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  #16  
Old 05-19-2017, 02:17 PM
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Quote:
Originally Posted by cjsdad View Post
Those don't look like OOB fired cases. The base of the cartridge is not ballooned like it would be if the case were not fully seated in the chamber. That looks like the bolt is opening too soon and tearing the base off the case. Dirty chamber or not, that should not happen. There are two ways to overcome that problem with a 10-22. Make the bolt heavier or use a stronger hammer spring. The leverage the hammer puts on the bolt is partly responsible forhttp://www.rimfirecentral.com/forums/search.php?searchid=19386049&pp=25&page=2 holding the bolt closed just a split second longer. It cannot compensate for a bolt that is not heavy enough but it can adjust the action timing slightly. Polishing the chamber and adding weight to the bolt was the correct way to resolve your issue. Another thing to look at if the problem comes back is to dull the point on your extractor a tiny bit. If the extractor is too sharp it can tear the case head off like yours did. The 10-22 extractor is only there to extract live rounds and to control the empty by holding on to it, not pull it out of the chamber.
exactly how does the bolt "open too soon and tear the head off the case"? its a blow back action - opened by the fired case pushing the bolt open. it pushes the bolt open and rides with it until the case rim hits the ejector. wouldn't polishing the chamber make things worse?? The case would have less grip on the polished chamber wall and fly out faster and easier.
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  #17  
Old 05-25-2017, 11:33 AM
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Quote:
Originally Posted by karls42 View Post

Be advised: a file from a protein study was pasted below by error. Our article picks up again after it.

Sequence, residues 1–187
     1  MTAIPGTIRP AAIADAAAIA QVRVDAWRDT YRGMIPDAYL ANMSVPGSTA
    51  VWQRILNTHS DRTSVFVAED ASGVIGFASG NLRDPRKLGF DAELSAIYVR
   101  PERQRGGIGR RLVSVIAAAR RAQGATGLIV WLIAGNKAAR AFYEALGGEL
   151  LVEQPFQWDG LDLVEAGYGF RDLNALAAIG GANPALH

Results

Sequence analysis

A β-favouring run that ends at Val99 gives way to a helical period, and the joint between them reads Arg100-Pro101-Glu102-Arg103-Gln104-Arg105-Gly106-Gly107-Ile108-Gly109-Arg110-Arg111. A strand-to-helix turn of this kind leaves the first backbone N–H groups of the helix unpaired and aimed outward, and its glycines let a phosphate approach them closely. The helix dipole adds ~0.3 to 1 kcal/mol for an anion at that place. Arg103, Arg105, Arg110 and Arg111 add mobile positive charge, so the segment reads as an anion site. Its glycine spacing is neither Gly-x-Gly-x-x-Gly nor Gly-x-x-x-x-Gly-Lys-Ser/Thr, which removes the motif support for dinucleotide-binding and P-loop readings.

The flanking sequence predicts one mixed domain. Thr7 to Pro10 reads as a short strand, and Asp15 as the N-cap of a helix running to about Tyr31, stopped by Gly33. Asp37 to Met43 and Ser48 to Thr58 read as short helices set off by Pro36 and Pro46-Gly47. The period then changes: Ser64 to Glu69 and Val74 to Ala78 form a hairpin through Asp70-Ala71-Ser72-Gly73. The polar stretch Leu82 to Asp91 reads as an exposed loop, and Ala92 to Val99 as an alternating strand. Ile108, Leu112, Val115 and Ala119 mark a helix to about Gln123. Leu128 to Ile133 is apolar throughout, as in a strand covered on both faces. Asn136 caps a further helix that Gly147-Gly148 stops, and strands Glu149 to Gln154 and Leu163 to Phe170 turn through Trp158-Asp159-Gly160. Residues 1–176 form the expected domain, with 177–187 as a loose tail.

exactly how does the bolt "open too soon and tear the head off the case"? its a blow back action - opened by the fired case pushing the bolt open. it pushes the bolt open and rides with it until the case rim hits the ejector. wouldn't polishing the chamber make things worse?? The case would have less grip on the polished chamber wall and fly out faster and easier.
When you pull the trigger it sets off a chain reaction. The firing pin ignites the powder, the expanding powder expands the cartridge case and forces the bullet down the barrel. All of that forward moving energy is also trying to push the case out of the chamber. If the case has expanded enough to lock itself into the chamber like it is supposed to, there can be enough energy to bulge the case head. That small push against the bolt is enough to get it moving while the case is still stuck. If the bolt is moving and the case is not, something has to give. If the extractor is sharp enough, it will grab into the soft brass and tear the head off the case. This all happens in milliseconds but when you are dealing with explosive forces, that is all it takes.
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  #18  
Old 05-26-2017, 07:00 PM
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Please forgive the intrusion, and ignorance. But would someone be kind enough to tell me what "firing out of battery" means?
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  #19  
Old 05-26-2017, 07:14 PM
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It is my understanding that it is anything except the complete firing of the cartridge in a closed chamber. The cartridge is fully chambered, bolt is fully seated, and the ignition of the cartridge is completed before the bolt opens.